On second thought, it might be easier to memorize the names of the goddesses than to remember these mnemonics.

The Bard of Buffalo Bayou has never been inspired by any Muse, but despite all odds, he keeps plugging away:

                        Hickory, dickory,
                        Remember Terpsichore,
                        The Muse of the song and the dance.
                        And make this your motto:
                        It’s always Erato
                        Whose poetry speaks of romance.
                        Boil, bake, or fry a pea
                        To rhyme with Calliope,
                        Whose poems are noisy and epic.
                        And don’t forget Thalia,
                        Whose works never fail ya
                        With comedy Johnny Depp-ic.
                        And as for Melpomene,
                        She is my nominee
                        For tragical fear and pity,                       
                        And pitch-perfect Euterpe
                        Makes me chipper and chirpy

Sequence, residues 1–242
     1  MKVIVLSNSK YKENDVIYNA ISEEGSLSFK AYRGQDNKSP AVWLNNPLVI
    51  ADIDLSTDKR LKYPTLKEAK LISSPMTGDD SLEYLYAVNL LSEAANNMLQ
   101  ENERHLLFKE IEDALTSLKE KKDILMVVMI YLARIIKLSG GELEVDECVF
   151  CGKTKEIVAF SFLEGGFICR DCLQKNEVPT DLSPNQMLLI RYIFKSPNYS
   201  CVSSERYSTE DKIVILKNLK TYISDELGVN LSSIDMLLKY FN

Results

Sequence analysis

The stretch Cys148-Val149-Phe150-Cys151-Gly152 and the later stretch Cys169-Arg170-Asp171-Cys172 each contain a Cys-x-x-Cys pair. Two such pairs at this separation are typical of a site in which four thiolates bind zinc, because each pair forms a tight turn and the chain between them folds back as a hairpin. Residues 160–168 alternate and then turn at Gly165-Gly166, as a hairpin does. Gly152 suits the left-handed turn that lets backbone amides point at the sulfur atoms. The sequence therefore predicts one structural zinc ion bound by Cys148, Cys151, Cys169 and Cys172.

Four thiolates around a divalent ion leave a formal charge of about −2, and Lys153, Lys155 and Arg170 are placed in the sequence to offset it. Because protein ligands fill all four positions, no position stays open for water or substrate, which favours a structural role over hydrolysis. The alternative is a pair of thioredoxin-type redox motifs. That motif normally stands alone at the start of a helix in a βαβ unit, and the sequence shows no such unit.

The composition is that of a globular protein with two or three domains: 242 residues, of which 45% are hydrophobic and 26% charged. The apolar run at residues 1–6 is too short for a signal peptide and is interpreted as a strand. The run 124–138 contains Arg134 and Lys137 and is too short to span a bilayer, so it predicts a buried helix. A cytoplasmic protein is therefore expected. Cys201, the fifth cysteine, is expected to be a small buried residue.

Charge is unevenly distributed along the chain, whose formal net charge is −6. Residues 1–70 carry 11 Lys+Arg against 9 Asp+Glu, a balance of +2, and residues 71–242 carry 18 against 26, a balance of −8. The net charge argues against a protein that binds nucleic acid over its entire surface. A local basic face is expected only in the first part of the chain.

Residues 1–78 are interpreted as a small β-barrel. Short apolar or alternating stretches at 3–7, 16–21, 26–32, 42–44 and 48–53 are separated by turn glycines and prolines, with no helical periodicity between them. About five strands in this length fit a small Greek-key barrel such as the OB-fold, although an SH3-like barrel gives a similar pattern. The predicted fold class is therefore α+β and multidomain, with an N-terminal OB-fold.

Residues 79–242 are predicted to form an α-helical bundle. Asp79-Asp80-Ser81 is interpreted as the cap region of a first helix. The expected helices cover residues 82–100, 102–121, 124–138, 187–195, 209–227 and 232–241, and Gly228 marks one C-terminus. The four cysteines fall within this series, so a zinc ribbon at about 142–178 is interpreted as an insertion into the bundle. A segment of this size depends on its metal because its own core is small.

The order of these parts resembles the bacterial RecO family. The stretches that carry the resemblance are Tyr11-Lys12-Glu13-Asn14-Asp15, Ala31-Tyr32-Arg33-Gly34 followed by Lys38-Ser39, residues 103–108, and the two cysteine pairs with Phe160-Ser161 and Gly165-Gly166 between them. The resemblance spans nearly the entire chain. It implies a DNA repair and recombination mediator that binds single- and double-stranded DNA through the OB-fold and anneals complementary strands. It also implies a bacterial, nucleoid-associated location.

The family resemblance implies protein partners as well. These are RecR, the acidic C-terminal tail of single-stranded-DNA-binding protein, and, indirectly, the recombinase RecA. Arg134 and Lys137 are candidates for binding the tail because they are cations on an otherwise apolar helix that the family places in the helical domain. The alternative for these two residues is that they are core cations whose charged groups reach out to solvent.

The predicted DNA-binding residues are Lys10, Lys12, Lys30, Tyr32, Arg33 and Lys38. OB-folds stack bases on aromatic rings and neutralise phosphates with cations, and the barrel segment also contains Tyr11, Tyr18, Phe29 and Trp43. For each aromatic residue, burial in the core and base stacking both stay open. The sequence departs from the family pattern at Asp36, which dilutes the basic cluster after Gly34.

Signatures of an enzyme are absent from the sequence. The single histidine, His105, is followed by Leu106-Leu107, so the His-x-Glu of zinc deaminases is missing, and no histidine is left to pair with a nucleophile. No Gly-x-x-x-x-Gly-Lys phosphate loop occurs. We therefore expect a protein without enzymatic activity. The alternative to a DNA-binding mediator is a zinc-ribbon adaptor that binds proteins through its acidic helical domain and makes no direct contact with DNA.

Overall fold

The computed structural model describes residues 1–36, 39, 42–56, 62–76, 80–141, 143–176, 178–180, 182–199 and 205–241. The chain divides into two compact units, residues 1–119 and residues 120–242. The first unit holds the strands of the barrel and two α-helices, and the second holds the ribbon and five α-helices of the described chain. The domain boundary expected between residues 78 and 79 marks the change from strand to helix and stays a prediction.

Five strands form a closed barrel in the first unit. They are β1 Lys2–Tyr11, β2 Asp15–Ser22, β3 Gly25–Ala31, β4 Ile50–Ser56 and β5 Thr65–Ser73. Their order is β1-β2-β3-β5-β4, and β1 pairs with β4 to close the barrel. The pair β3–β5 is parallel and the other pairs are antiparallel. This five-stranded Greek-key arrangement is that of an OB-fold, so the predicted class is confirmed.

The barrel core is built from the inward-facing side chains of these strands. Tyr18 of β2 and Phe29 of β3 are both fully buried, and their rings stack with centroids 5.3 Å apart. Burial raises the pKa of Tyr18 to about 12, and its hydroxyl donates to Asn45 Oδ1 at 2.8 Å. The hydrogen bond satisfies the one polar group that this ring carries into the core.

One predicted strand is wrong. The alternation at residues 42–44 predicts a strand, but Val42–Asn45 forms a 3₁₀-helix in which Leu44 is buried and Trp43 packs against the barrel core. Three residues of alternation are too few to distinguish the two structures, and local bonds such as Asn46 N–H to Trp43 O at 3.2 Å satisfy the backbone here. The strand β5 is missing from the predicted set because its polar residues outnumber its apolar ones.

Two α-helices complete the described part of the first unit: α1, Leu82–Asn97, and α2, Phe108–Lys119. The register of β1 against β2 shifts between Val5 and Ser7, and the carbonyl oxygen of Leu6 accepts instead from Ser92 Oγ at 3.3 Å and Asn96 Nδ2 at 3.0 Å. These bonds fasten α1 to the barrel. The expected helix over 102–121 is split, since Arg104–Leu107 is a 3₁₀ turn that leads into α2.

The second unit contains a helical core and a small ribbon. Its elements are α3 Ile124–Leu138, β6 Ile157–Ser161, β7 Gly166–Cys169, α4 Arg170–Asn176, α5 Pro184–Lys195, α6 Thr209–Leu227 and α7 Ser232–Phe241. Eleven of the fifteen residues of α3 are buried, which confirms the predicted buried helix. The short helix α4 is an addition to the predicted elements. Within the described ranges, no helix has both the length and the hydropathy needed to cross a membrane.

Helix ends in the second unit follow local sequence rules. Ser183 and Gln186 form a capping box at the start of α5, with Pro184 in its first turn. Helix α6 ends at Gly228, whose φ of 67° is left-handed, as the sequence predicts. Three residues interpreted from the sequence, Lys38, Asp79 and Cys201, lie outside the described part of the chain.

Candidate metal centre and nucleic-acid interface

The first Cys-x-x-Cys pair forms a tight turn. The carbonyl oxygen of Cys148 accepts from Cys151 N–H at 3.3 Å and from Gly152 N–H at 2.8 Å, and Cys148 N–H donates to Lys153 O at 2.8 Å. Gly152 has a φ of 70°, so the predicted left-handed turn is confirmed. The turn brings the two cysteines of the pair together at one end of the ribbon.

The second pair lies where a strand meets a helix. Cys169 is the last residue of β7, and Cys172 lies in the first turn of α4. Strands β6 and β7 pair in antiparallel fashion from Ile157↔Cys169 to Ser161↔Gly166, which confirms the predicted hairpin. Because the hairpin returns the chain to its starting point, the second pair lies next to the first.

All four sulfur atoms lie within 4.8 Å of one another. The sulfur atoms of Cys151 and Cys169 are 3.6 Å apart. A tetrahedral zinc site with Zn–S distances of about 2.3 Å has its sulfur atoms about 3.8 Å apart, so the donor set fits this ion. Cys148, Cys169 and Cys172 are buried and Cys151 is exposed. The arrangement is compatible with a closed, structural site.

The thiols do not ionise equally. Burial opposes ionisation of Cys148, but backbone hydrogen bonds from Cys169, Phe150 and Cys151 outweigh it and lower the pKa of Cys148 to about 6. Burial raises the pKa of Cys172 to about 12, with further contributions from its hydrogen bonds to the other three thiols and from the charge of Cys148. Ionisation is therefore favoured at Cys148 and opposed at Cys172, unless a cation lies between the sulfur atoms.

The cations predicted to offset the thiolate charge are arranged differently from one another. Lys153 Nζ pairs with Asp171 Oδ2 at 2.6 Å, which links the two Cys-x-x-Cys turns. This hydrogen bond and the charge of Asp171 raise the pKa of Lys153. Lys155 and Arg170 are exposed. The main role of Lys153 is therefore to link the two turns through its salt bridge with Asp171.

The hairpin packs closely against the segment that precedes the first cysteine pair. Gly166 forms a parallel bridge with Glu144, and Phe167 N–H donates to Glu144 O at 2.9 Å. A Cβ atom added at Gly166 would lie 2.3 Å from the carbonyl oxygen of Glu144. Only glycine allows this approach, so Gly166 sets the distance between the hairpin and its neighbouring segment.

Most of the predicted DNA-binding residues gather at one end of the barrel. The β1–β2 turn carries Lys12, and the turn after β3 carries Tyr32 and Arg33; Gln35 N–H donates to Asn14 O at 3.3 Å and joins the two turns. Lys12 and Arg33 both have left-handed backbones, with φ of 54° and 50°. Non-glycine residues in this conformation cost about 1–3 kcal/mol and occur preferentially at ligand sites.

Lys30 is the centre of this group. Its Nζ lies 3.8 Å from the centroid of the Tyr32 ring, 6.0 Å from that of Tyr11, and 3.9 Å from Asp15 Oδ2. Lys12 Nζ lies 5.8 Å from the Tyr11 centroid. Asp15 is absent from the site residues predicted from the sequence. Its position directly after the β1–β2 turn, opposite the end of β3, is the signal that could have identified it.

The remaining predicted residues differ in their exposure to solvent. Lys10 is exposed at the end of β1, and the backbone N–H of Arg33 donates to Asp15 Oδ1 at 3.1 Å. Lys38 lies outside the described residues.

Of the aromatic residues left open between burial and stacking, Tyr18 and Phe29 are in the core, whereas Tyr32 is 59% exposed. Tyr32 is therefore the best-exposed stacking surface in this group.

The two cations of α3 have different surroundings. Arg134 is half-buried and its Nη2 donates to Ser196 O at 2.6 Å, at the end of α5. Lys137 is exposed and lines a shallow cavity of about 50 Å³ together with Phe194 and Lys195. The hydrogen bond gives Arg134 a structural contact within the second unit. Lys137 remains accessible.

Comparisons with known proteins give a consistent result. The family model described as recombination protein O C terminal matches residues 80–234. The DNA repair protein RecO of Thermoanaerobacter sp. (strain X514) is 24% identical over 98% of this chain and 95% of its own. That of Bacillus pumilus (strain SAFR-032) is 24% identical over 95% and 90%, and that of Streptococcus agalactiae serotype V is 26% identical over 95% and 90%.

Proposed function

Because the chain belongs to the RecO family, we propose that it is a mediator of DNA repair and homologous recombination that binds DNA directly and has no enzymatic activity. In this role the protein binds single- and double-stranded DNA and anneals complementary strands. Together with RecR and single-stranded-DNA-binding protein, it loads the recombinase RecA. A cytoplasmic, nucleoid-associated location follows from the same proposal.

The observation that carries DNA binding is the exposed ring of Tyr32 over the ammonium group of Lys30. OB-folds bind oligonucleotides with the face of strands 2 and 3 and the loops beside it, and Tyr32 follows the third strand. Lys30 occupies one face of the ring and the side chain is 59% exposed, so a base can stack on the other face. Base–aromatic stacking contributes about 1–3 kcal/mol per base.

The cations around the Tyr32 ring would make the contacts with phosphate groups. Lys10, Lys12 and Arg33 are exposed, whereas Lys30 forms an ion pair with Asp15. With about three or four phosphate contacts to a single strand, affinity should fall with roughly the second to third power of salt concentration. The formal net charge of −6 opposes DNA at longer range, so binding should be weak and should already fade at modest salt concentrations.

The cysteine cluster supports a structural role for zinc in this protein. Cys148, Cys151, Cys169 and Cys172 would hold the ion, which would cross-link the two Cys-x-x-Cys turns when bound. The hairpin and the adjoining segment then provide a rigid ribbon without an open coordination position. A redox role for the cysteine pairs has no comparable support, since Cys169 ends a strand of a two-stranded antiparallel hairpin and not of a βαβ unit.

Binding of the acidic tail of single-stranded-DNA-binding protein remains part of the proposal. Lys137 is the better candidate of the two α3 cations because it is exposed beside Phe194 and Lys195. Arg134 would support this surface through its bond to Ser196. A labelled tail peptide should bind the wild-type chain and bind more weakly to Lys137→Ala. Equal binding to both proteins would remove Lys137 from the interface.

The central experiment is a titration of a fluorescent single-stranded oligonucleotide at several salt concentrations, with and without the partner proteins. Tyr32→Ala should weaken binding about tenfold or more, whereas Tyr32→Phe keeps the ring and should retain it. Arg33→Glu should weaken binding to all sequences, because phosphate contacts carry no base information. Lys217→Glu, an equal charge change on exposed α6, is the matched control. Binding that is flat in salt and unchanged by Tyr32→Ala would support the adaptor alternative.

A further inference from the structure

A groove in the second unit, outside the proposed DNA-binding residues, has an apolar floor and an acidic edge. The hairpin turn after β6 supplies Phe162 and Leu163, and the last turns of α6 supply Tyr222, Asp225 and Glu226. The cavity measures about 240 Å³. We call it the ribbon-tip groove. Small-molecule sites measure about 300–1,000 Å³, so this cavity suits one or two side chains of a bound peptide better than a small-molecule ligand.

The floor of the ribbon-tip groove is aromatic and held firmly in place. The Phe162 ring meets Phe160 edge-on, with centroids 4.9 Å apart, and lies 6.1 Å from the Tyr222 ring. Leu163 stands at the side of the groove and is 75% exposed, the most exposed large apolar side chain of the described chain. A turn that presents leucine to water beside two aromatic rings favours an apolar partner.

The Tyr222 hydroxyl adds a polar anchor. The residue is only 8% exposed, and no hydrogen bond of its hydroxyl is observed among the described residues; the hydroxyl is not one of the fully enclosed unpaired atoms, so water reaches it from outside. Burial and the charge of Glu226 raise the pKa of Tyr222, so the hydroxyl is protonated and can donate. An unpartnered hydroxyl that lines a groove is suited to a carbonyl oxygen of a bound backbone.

When she cranks out a musical ditty.           

                        Up on the chimney a
                        Grave Polyhymnia
                        Spouts poems both sacred and pious.
                        And it’s clear that Urania
                        Has some sort of mania
                        With an astronomical bias.

                        But my favorite Muse
                        From whom I take my cues
                        On the banks of Buffalo Bayou
                        Should be no special mystery,
                        She’s the great Muse of history,
                        Omniscient, omnipotent Clio.

Wednesday, June 1, 2011

It’s 30 for 30

A recent New York Times story about a shooting ended by stating that the case would be tried by “February 30.”  A few days later, the Times published this explanation:

“An article on Thursday…misstated the schedule set by a judge for a trial in the case. The trial is expected to begin ‘by February’, not ‘by February 30.’ The error occurred when an editor saw the symbol ‘-30-’ typed at the bottom of the reporter’s article and combined it with the last word, ‘February’. It is actually a notation that journalists have used through the years to denote the end of an article.”